Wearables for Goats: The goats are all fitted with radio frequency identification ankle bracelets. These bracelets are scanned with a wand device, so they can identify any of the 2,000+ goats. Helpful information such as the goat’s age, vaccinations and milk fat percentage can easily be looked up on their mobile devices.

Cheese Production: All of the goat’s milk, which is about 7,000 pounds a day, is converted into cheese. Since 2005, the Creamery has grown to a current daily production capability of 6,000 pounds of handcrafted fresh and aged cheese. Real-time access via their mobile devices to information about the quality of the milk, temperature of the coolers and tanks helps to make the process more efficient, leads to better quality and yields increased production volume.  Overall, Heartland Creamery has been able to cut cheese production time down by 67% with the use of smart technology that allows them to monitor and power operations remotely.

Having the technology cell phones offer does make things a whole lot smoother during harvest but I still will admit, it’s still a little lonely being a farm widow.

 

Karl and His Smart Phone

Every month I team up with U.S. Cellular and share a little about my Samsung Galaxy S8 Smart Phone. This is one of those posts.

Several of you have been asking how Karl is….well, good.  He made it back to Houston and happily his school is up and running.  Luckily his school didn’t have damage.  He did say that his school is already over capacity with kids so no kids from other flooded areas will be coming into his district.  He is teaching at a school that has a high poverty rate.  60% of the kids are Hispanic 20% are Black.  He said that as a white man, he really sticks out.   So far, minus the hurricane, he’s had a very good experience.

When Karl was home for a bit as we were talking I asked him about his laptop.  He told me he didn’t bring it with him when he left.  That REALLY surprised me!  He said, “Mom-I use my phone for pretty everything except writing a paper.”  That was new to me….but I guess it’s a trend.  Smartphones are getting more and more powerful, allowing people to do much more than with cell phones of the past.  Smartphones have taken the place of many traditional staples of college life and make living in a small space much less complicated.

Some of the trends you’re seeing towards mobile technology include:

Music:
Streaming services like Apple Music and Spotify make it easy to create playlists for any activity such as exercising or studying.  More than a third of smartphone owners stream music through their smartphone.

Reading:
Students can use their phones or tablets to download everything from textbooks to their favorite novels, which will lighten their backpacks on the way to class.

Television:
According to recent U.S. Cellular survey, 59 percent of smartphone users watch video using their devices; up from 48 percent just three years ago.  Keep up with a favorite series using services such as Netflix and Hulu is very common.

Games:
75 percent of smartphone owners have used their phone to entertain themselves. Apps on devices can range from a simple round of Solitaire to complex games like Monopoly.

Everyday tasks:
Save space on a nightstand and wake up in time for those morning classes by using the alarm clock feature on a smartphone.  Students can even track sleep quality and snoring through free apps like Sleep Cycle, which will analyze your sleep patterns and wake you at the perfect moment.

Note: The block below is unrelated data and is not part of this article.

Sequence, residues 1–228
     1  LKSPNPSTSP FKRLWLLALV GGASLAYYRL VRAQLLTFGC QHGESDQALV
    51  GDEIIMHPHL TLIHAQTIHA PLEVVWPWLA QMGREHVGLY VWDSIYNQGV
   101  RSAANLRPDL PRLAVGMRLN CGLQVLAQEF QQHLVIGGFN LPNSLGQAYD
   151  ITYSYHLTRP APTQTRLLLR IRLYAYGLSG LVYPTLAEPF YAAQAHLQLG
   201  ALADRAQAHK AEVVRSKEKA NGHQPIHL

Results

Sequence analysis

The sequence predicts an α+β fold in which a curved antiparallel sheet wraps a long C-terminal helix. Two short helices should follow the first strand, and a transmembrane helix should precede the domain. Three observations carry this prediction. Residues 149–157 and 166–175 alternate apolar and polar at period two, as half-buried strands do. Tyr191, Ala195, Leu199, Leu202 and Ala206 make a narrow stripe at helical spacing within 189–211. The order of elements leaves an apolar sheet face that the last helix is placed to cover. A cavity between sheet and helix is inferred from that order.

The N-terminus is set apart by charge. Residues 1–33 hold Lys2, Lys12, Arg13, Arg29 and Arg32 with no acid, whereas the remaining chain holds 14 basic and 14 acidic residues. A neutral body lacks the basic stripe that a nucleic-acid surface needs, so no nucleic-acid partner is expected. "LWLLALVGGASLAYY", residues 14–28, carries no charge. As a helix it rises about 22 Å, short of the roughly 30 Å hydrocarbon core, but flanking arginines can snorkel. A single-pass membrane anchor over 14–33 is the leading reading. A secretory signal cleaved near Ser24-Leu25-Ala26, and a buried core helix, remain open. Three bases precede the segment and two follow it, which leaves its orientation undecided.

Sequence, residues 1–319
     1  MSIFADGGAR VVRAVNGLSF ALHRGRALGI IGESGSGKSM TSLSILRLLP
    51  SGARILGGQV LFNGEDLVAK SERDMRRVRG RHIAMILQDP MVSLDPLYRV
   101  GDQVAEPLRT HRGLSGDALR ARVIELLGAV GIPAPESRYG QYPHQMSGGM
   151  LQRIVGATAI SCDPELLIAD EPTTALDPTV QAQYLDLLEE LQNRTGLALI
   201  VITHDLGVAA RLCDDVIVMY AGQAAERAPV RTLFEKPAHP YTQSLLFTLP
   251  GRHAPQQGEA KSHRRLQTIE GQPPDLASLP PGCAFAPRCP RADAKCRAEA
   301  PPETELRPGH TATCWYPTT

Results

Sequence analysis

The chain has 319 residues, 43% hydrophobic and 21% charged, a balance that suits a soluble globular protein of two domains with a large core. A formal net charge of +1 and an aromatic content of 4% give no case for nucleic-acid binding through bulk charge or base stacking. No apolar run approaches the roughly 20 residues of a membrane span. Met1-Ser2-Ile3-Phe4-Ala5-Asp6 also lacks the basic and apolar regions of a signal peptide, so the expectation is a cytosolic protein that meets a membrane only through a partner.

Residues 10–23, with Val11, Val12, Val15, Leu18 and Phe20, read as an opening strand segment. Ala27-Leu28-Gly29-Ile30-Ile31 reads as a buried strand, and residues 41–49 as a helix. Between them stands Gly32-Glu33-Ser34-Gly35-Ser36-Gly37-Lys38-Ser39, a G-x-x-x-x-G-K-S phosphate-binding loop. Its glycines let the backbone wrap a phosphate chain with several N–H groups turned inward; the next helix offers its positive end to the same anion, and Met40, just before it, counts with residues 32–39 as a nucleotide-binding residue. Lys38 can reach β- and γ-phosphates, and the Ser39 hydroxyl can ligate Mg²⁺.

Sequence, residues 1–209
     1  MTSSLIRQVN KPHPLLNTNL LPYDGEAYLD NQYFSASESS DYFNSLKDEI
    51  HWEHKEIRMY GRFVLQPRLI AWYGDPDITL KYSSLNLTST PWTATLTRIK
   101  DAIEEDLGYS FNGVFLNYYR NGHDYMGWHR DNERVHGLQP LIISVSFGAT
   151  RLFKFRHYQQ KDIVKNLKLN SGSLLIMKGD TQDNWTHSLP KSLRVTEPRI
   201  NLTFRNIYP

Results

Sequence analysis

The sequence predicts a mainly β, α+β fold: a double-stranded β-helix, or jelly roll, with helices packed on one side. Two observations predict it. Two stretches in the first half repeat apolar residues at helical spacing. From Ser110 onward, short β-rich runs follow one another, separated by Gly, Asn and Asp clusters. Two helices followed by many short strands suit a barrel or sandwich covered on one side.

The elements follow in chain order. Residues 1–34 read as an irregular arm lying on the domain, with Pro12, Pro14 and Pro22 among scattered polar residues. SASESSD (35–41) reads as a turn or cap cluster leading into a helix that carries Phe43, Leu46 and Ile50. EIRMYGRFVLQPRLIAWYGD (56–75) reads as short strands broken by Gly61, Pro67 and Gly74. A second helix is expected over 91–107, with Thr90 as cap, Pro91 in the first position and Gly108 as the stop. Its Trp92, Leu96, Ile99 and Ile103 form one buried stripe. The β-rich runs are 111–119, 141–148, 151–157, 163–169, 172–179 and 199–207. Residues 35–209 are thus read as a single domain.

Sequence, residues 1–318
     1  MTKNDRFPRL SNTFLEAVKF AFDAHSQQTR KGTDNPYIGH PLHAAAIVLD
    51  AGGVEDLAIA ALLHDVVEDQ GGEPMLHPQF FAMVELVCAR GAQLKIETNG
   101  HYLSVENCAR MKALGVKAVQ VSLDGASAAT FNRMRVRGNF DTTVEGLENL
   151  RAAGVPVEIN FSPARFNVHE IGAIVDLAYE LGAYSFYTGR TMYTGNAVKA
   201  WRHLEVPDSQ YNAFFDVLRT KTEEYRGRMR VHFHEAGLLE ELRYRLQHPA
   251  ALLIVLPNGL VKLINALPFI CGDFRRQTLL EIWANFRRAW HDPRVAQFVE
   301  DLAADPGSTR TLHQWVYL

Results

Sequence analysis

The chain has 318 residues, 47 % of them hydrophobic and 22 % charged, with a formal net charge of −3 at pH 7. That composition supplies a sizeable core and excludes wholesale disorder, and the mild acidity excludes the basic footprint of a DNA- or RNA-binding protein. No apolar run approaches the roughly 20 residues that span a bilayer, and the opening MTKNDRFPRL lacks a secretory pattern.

us

I guess having a phone is a lot more than I ever dreamed.  I think too often I’m used to “doing things the old way” and don’t look towards new technology.  It’s good I have my kids around to keep me up to date with all the things there are to do with my phone.  I will admit that I have started using the alarm clock feature for lots of things….I have a bus alarm so that the childcare kids don’t miss the bus plus several other alarms to keep me on my toes.

I am continually amazed with all the things a smart phone can do.

 

 

Family Picnic

Every month I team up with U.S. Cellular and share a little about my Samsung Galaxy S8 Smart Phone. This is one of those posts.

Each year my extended family gets together in August for a family picnic.  I love going and actually always look forward to it.  Each year we go to the same location, Pilot Knob State Park.  It’s near Forest City.  Long ago when part of the cousins lived in Iowa and park in Minnesota, it was deemed the “central location”.  It still is for the majority.  Of course we’ve had some move off to other states but for the majority, it’s not a bad drive.

This was Carver’s first time coming.  He got to see his aunts, uncles and so many more.

Pilot Knob-

My kids love seeing their cousins.

Pilot Knob-1

I enjoy seeing mine too.

Pilot Knob-2

The people I go most to see though are my Aunt Agnes and my Aunt Betty.  They are the two left from the oldest generation.

Pilot Knob-3

It’s fun to see my cousins kids growing up….and even their kid’s kids growing up.

Pilot Knob-4

Pilot Knob-5

Pilot Knob-7

The highlight this year for me was when my cousin John brought a box of family memorabilia.  Much of it hasn’t seen daylight for years….pictures of my grandparents and some of my dad when he was a kid.

Pilot Knob-8

I didn’t go on the trip to the tower this year…typically I’ve relegated myself to the older generation that stays off the trails and simply visits with each other.  Kalissa and my sister in law Wendy made the trek.

Pilot Knob-9

So did Carver.

Pilot Knob-10

He loved the wind!

Pilot Knob-11

Isn’t this the cutest picture ever?? …

Scroll to Top
%d bloggers like this: